Plaintiff's Dispatch to Christ Hospital

  As noted in her complaints, described above, Plaintiff expressed grave concerns regarding an incident that occurred on March 14, 2001, in which she was assigned to arrest and guard a hospitalized man wanted on a warrant issued in Wisconsin. In his statement to the OIG investigator, Sergeant Prybell explained his decision to assign this responsibility to Plaintiff as follows:
It was a emergency hospital take over. Oak Lawn had called us and informed us that there was a gun shot victim at Christ Hospital and that he had a child molester Warrant outstanding. I was told by Investigator Morrison, who does extraditions, that no one was guarding him at that time. Morrison told me that he talked to the nurse on the floor where the subject was and that the subject did not pose any threat and that he had a chest tube in him and was confined to the bed at that time. The jail will not send a guard until they have an officers name and they have to talk to that officer where the prisoner is confined. The only person that I had available was Officer Mohammed. I was the only supervisor at the building so I could not go. Officer Mohammed has refused to work the desk, so I could not send the desk officer, so she was the only one left, so since I needed to send someone right away or the wanted subject could walk out of the hospital. Being aware that females guard males at the jail and because of the emergency nature of the assignment, I made the decision to send her. Officer Morrison could not go because he was going to court that time. All other on duty officers were out on assignment.
(Prybell Statement, at 3.) Prybell stated, further, that Plaintiff did not tell him she was unable to perform the assignment. (Id. at 3, 4.) Plaintiff did in fact carry out the assignment without any problem. (Plaintiff OIG Statement, at 10.) She and Prybell both recalled that she contacted him Page 9 four times with questions concerning the expected arrival of an officer from the jail to relieve her, her need for a lunch break, and her need for assistance from the hospital staff for a personal break. (Id.; Prybell Statement, at 4.) The Office of Inspector General concluded that Sergeant Prybell's assignment of Plaintiff to guard a male prisoner was "a technical violation of General Order 80-1," but was excusable because this was "an emergency situation requiring immediate action" and no other officer was available to execute the arrest warrant. (OIG Report, Exhibit 14 to Def.'s 56.1, at (unnumbered) page 11-12.)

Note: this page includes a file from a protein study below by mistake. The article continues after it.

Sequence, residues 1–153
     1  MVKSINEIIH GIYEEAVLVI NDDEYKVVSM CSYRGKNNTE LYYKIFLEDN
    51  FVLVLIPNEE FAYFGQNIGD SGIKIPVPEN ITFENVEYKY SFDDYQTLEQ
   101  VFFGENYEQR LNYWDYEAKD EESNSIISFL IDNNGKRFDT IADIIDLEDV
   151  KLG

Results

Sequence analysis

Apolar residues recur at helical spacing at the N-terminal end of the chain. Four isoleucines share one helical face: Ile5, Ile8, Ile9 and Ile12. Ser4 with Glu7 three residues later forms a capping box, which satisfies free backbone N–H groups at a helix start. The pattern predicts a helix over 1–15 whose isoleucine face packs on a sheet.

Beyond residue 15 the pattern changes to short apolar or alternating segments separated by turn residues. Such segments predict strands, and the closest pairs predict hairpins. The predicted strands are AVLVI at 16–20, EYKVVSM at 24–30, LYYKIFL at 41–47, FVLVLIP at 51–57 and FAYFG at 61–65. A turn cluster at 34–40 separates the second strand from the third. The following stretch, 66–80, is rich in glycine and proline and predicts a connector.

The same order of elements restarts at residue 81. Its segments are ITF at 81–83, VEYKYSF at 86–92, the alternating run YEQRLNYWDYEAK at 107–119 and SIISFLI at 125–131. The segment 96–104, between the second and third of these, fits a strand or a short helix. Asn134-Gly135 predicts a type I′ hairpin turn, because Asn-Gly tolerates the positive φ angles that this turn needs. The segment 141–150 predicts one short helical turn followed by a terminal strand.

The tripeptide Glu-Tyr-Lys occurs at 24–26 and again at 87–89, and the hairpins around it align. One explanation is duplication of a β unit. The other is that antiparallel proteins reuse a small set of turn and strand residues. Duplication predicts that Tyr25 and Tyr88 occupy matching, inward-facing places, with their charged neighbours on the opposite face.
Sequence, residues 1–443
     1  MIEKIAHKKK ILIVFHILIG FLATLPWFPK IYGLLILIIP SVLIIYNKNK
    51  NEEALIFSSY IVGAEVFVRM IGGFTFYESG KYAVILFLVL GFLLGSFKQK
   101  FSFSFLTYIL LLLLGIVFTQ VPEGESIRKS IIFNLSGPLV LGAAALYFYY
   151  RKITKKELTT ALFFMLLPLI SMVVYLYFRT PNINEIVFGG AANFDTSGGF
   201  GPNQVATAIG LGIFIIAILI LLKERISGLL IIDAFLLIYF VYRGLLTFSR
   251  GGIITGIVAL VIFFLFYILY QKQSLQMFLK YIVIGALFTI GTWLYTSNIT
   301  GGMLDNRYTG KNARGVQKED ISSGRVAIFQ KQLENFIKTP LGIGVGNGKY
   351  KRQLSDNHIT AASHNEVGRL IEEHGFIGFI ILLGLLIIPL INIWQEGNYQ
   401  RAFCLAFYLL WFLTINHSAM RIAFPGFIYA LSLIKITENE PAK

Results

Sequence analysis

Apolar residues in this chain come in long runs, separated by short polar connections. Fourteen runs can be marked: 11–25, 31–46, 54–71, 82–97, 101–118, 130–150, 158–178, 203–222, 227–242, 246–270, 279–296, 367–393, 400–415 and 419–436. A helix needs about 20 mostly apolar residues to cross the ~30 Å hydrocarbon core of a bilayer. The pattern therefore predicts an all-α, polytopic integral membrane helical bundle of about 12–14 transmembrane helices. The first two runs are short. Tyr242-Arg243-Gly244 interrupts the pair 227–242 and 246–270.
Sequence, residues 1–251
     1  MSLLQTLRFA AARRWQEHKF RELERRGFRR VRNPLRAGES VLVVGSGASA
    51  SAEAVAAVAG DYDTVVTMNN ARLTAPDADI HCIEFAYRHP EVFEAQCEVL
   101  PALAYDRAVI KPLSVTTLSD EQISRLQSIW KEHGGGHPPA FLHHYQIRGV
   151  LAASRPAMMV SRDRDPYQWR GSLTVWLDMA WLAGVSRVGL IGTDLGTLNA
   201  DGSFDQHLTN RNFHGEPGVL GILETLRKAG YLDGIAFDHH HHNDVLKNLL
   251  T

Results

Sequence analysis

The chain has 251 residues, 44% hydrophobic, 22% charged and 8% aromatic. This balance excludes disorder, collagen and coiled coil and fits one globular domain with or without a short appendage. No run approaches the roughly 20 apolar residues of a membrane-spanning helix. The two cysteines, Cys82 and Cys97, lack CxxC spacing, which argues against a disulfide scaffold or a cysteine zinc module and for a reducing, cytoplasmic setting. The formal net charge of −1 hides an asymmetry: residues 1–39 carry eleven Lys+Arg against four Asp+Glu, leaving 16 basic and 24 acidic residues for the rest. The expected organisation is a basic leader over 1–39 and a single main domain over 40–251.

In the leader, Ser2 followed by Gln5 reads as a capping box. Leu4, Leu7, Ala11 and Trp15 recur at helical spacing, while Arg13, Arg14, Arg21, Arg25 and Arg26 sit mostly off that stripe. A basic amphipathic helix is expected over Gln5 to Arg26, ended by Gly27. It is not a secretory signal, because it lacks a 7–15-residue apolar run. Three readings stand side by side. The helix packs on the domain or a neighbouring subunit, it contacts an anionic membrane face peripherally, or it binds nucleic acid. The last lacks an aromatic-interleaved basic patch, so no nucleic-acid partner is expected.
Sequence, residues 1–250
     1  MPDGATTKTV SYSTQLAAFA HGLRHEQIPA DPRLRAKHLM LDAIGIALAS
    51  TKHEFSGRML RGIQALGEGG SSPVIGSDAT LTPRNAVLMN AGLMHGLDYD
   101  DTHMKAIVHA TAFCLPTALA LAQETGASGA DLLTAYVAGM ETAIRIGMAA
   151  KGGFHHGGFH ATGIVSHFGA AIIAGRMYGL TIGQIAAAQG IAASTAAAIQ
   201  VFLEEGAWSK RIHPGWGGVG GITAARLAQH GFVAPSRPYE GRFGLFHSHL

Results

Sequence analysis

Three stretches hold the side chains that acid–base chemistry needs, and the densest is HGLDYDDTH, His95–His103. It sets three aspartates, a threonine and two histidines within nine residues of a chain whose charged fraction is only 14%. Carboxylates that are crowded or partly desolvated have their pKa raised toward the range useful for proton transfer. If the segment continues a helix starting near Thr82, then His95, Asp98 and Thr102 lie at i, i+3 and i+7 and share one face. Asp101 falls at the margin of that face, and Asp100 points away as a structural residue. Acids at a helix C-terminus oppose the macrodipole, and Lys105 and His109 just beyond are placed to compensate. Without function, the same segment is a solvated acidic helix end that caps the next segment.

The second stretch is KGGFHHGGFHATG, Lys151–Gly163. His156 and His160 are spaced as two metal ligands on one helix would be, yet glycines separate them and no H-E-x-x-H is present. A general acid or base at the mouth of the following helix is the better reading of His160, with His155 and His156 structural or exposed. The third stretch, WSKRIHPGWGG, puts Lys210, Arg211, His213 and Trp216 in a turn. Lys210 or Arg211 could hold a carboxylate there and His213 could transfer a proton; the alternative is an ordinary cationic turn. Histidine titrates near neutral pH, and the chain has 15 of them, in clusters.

Other Incidents of Alleged Unfair Treatment

  Plaintiff complains of a number of other incidents in which she believes she was singled out for unfair treatment or harassment. For example, Plaintiff believes Lieutenant Judge acted unfairly when he required Plaintiff to prepare a "to/from" explaining her decision to drive her own car, rather than her official vehicle, to work on March 21. In response to questions by the OIG investigators, Lt. Judge explained that Department cars were in short supply and that "other[s] could use the [Plaintiff's official] car" if Plaintiff chose not to use the one assigned to her. (Judge Statement, Exhibit 20 to Def.'s 56.1 Statement, at 4.) The OIG investigation concluded that Judge's request was reasonable; Department policy requires officers to be "properly uniformed and equipped," and Plaintiff's assigned police vehicle is part of her equipment. (OIG Report, Exhibit 14 to Def.'s 56.1 Statement, at 7, citing Cook County Sheriff's Police Department Rules and Regulations, Exhibit 19 to Def.'s 56.1 Statement, ¶ 12.12.) Although Plaintiff reported in her March 22 memorandum that other officers drove their vehicles to work "simply because they want to," she did not identify any such officers in her submissions to the court, nor did she offer evidence that these other officers were not required to provide a written explanation.

  Similarly, Plaintiff complained that she was not provided with reserved parking in the lot adjacent to the Fugitive Warrant Unit Building, where she worked. Lieutenant Judge and Sergeant Page 10 Prybell both testified that there are only three reserved spots in the parking lot, one assigned to the commanding officer and two others assigned to sergeants. (Judge Statement, at 4; Prybell Statement, Exhibit 21 to Def.'s 56.1 Statement, at 3.) Plaintiff has ...